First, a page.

As problematic as the wrestling world was, Harris was lucky to find it and lucky that he found a niche that worked with his talents as an athlete and a performer. Things could evidently have turned out much worse.
On the other side of the country, Kamala Harris was the daughter of a doctor and a professor, and she was part of a busing program that allowed her to join the second integrated class at her grade school in 1969.The fact that busing programs were wildly unpopular among white voters at the time—and railed against by the likes of young Joe Biden—speaks to the fact that those programs were actually effective in correcting some of the imbalance between white and Black students.
No doubt Kamala Harris had a lot of advantages that James Harris didn't, but the benefits of desegregation—attending school in a wealthy white area—were undoubtedly significant.
Those early life experiences reverberated into their adult years. James Harris never felt able to advocate for fair pay and had a tumultuous career as a wrestler. Like a disproportionate number of Black Americans, he developed type 2 diabetes in his 40s and had to have both his legs amputated below the knee in his 60s. And, like a disproportionate number of Black Americans, James Harris died this year as a result of COVID-19.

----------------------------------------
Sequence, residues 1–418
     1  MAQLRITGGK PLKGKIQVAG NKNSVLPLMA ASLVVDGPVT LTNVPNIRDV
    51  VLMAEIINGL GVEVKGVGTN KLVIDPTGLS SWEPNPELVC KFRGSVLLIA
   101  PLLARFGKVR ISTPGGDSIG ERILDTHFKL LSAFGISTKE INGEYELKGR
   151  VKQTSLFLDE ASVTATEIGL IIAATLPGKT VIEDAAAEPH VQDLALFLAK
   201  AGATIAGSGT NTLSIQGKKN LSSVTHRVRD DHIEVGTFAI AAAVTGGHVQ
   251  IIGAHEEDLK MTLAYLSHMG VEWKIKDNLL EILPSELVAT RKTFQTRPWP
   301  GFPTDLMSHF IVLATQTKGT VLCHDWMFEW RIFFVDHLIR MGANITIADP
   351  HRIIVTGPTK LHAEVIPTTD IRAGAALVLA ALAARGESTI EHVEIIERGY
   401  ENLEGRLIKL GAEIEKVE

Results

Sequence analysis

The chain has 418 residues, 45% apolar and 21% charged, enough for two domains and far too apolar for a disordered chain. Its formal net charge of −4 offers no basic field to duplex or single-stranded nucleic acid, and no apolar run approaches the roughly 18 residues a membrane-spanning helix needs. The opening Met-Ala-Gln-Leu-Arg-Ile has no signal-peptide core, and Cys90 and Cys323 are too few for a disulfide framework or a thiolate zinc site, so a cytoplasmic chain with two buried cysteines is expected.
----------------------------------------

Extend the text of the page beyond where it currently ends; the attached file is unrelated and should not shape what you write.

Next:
A message from Kamala www.youtube.com
As for Kamala Harris, today she is a senator and on the short list to serve as Joe Biden's vice presidential nominee.
What people mean when they talk about systemic racism is not just factors like school segregation—though the death of busing has led to schools that are nearly as segregated and unequal as they ever were.. Nor is it just police brutality—though that's still going strong too.
It's about the confluence of issues with schooling, policing, generational wealth, employment discrimination, and how those factors combine to result in Black Americans having a tiny fraction of the wealth of their white peers, having to play according to the rules and the whims of white employers, and taking the brunt of every public health crisis.
So while it's nice that someone like Kamala Harris can approach the heights of success in American politics, it's important to remember that stories like James "Kamala" Harris's are much more common.
There's an entire genre of YouTube videos that consists of nothing but news bloopers, and they're equal parts hilarious and panic-inducing.
"Right after the break, we're going to interview Erik Weihenmayer, who climbed the highest mountain in the world, Mount Everest, but he's gay—I mean, he's gay, excuse me, he's blind."
Back in the early 2000's a young news anchor in New Mexico had a slip of the tongue on live TV that has enterred the annals of news blooper history.
Gay Mount Everest www.youtube.com
Cynthia Izaguirre had just gotten done reporting on a separate story discussing activism for gay rights, and was setting up a segment with the first blind man to climb Mount Everest, and her thoughts got twisted on the way to her mouth, resulting in a 14-second clip that would live on in infamy.